CPS 196.3: Introduction to Database Systems
(Fall 2003)

Course Information
Lecture Notes
Tentative Syllabus
Programming Notes
Blackboard (Grades)


Course Description

This course is intended to give students a solid background in databases, with a focus on relational database management systems. Topics include data modeling, database design theory, data definition and manipulation languages, storage and indexing techniques, query processing and optimization, concurrency control and recovery, and database programming interfaces. In addition to these traditional topics, this course covers a sample of emerging topics such as XML and Web data management as well as advanced topics such as data warehousing and data mining. Programming projects are required.

Prerequisites: Familiarity with Unix and Java or C++. A good understanding of algorithms and data structures. Compared with CPS216 (Advanced Database Systems), CPS196.3 emphasizes more on how to use a DBMS, instead of how to build one. Nevertheless, we will study some DBMS internals in order to understand how a DBMS works so that we can use it more effectively.

Time and Place

12:50pm-2:05pm on Mondays and Wednesdays; D106 LSRC


Required: Database Systems: The Complete Book, by Hector Garcia-Molina, Jeffrey D. Ullman, and Jennifer Widom. Prentice Hall. 2002.


Instructor: Jun Yang
Email: junyang@cs.duke.edu
Office hours: Mondays and Wednesdays right after the lecture, or by email appointment

Web, Newsgroup, and Blackboard

Most of the course materials, including the syllabus, lecture notes, reading assignments, homeworks, programming FAQ's, etc., will be available through the course Web page (http://www.cs.duke.edu/courses/fall03/cps196.3/).

The newsgroup duke.cs.cps196-3 (note the dash instead of dot between "196" and "3") is useful for posting questions that are likely to be of interest to the rest of the class. We very much encourage students in the class to post responses to questions. We will monitor the the newsgroup regularly, and post responses to questions that have not previously been asked or answered. Before posting a question, please do make sure that you have read all previous messages and that your question has not yet been discussed.

We will use the Blackboard course management system (https://courses.duke.edu/bin/common/course.pl?course_id=_12254_1&frame=top) for grades. The course title listed there is "DATABASE METHODOLOGY"; that is fine. Log onto Blackboard and verify that it has your correct email address. Please check your emails regularly, as important course announcements will be sent via email.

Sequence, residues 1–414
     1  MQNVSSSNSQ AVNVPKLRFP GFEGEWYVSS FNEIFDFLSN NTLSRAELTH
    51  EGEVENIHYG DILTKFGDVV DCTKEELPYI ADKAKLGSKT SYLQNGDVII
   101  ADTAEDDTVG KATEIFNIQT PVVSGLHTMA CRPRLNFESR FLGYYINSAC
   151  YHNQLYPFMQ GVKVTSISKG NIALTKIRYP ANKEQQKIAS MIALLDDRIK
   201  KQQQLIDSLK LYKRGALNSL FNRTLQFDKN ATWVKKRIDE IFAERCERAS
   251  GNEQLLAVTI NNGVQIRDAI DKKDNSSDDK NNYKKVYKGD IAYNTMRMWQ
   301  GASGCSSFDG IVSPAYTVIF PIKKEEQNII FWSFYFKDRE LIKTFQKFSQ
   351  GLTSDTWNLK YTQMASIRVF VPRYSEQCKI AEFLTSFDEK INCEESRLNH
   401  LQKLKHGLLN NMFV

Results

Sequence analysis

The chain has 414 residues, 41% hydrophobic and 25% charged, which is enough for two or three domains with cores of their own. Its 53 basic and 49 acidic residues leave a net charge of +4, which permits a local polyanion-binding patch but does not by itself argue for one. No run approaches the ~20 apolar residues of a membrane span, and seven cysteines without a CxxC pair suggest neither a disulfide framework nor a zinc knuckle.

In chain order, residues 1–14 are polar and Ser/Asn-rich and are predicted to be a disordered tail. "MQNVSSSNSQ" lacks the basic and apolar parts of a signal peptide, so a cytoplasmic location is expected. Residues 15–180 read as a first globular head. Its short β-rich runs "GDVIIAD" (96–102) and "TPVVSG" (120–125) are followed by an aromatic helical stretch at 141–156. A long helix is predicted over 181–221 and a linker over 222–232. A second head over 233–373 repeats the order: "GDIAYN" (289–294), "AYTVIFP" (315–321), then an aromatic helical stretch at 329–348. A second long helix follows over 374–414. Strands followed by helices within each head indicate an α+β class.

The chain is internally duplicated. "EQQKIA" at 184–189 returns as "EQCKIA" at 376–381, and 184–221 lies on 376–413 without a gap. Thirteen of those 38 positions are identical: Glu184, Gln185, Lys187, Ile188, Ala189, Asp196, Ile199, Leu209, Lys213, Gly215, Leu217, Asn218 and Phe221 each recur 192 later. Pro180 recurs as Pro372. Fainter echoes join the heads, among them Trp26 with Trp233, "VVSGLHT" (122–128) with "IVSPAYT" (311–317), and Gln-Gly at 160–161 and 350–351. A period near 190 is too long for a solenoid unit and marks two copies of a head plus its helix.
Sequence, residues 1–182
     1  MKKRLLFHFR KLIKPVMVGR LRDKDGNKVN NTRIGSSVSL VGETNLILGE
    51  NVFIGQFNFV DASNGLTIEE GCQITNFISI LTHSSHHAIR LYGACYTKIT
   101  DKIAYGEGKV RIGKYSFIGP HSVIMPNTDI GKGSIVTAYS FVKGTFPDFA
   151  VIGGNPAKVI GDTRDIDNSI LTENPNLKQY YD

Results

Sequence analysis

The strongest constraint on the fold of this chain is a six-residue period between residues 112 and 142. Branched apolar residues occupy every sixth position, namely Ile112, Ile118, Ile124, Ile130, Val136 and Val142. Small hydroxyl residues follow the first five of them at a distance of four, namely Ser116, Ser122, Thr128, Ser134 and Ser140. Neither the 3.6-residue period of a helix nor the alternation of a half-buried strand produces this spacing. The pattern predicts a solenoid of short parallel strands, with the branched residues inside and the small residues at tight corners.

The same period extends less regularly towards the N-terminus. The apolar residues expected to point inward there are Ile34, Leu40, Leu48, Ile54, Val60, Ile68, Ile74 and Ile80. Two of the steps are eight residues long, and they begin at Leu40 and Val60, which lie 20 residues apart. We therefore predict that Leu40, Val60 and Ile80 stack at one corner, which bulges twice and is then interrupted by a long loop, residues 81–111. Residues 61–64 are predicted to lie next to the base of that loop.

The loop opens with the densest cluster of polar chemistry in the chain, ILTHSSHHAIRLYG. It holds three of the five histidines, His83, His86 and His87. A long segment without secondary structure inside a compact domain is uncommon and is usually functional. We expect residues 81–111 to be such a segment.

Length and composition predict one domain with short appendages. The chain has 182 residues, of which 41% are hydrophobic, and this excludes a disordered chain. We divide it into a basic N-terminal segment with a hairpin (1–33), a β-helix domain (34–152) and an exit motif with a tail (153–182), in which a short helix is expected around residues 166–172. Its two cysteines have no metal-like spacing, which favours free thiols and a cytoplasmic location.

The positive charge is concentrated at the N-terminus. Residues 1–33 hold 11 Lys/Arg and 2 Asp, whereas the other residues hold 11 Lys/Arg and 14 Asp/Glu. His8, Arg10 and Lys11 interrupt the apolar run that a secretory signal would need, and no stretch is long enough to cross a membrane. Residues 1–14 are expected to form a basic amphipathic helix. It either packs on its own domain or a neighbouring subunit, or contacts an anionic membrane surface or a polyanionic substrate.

There are four homeworks, with a mix of written and programming problems. Late homeworks will not be graded.

There is a course project (done either individually or in groups of two). Details will be available in the third week of the class.

In groups of two, students are responsible for a 60-minute presentation on a research paper or an emerging research topic. A sign-up sheet for the presentations will be available in the third week of the class.

Honor Code

Under the Duke Honor Code, you are expected to submit your own work in this course, including homeworks, projects, and exams. On many occasions when working on homeworks and projects, it is useful to ask others (the instructor, the TA, or other students) for hints or debugging help, or to talk generally about the written problems or programming strategies. Such activity is both acceptable and encouraged, but you must indicate in your submission any assistance you received. Any assistance received that is not given proper citation will be considered a violation of the Honor Code. In any event, you are responsible for understanding and being able to explain on your own all written and programming solutions that you submit. The course staff will pursue aggressively all suspected cases of Honor Code violations, and they will be handled through official University channels.

Last updated Mon Sep 29 12:01:21 EDT 2003